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Hungarians at the 16th Kecskemét Animation Film Festival starting in a month

Did you know that the first Hungarian comic book was written 150 years ago, based on a text by Mór Jókai? And that KEDD studio that created Berry and Dolly, and The Grickles is now 20 years old and has spent more than a thousand Tuesdays working on it? Between 21 and 25 June, at the 16th KAFF, Hungary's biggest animation festival, you will be able to see a selection of their films, but also MOME Anim, which has been creating for 43 years, and the Filmtett Workshop from Cluj-Napoca. Films such as Marcell Jankovics' last film Toldi and Johnny Corncob, or the legendary Cat City, will be shown on giant screens. The five-day free festival will feature 60 hours of animation, book launches and workshops.


From 21 to 25 June, the 16th KAFF will also showcase several acclaimed Hungarian animation workshops. One of them is the 20-year-old KEDD studio. "In 20 years, we have spent more than a thousand Tuesdays working. On these and other weekdays, we have developed and produced nearly 800 interactive e-learning materials, more than 200 episodes of television animation, nearly 50 all-arts and educational productions. We have produced and distributed 600 episodes of in-house produced children's series and individual films, and edited 8 full-length versions of our children's series." - said the head of the studio, Géza M. Tóth. The KAFF will screen episodes of Berry and Dolly, The Grickles, Mitch-Match and Tales of Nasreddin Hodja, among others.

In 1980, the animated film department was launched at the Moholy-Nagy University of Art and Design, then the College of Applied Arts. The course, now known as MOME Anim, has become the most important training ground for Hungarian animation filmmakers and one of the leading Hungarian creative workshops, with students' films screening at the world's most prestigious festivals. The KAFF will screen works by Réka Bucsi, Tomek Ducki, Kati Glaser, Áron Gauder, Olivér Hegyi, Kinga Rofusz and Péter Vácz, among others.


One of the most important projects of the Cluj-based Filmtett Association is the Filmtett Workshop. The workshop was founded in the summer of 2002 with the aim of providing training, and for many years it was faithfully organised by the two-time Palme d'Or-winning Duna Workshop and its director, producer György Durst. The camp provides an opportunity for young talents to deepen their knowledge in various areas of filmmaking by forming professional groups. Since 2002, more than 700 young people have participated in 18 training sessions and more than 250 short films, animation, experimental and documentary films have been produced. The KAFF audience will be able to see a selection of their work, including a charming animation about two happy pencils, a story about a nice family made of gingerbread, a story based on an Örkény short story and a summary of the various phobias of humanity, from the common to the rare.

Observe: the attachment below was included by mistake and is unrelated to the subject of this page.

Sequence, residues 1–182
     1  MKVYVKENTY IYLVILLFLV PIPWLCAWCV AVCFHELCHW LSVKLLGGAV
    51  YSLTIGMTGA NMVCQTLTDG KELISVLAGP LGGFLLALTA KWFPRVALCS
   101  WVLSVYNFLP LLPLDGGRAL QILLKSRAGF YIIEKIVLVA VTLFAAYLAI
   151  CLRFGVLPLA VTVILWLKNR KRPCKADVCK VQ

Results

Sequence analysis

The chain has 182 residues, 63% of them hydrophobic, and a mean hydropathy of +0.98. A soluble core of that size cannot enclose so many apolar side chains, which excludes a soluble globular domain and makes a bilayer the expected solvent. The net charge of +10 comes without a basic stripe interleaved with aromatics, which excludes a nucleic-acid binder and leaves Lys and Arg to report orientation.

KAFF will have an exciting treat in the exhibition Bubble Talkers: 150 Years of Hungarian Comics, which will show that the first work of art, which can be considered a pictorial history, was created by the cartoonist János Jankó in several sequels for the caricature magazine Üstökös (The Comet), based on a text by Mór Jókai. Between 1950 and 1980, comic strips enjoyed a real renaissance in Hungary, with the most outstanding works being produced by such artists as Attila Dargay, Pál Korcsmáros, Imre Sebők and Ernő Zórád. Between 1981 and 2004, Attila Fazekas, among others, had his comics published in independent booklets and books, and after 2005 a new generation of graphic artists produced his comics, which developed a large fan base through comic festivals and the internet.


In the main square of Kecskemét, films such as Marcell Jankovics' last work Toldi; one of the greatest classics of the 200th anniversary of Hungarian poet Sándor Petőfi's birth Johnny Corncob, The Tragedy of Man, or the 80th anniversary of the birth of the legendary figure of Hungarian animation, Béla Ternovszky’s Cat City will be shown on giant projectors.


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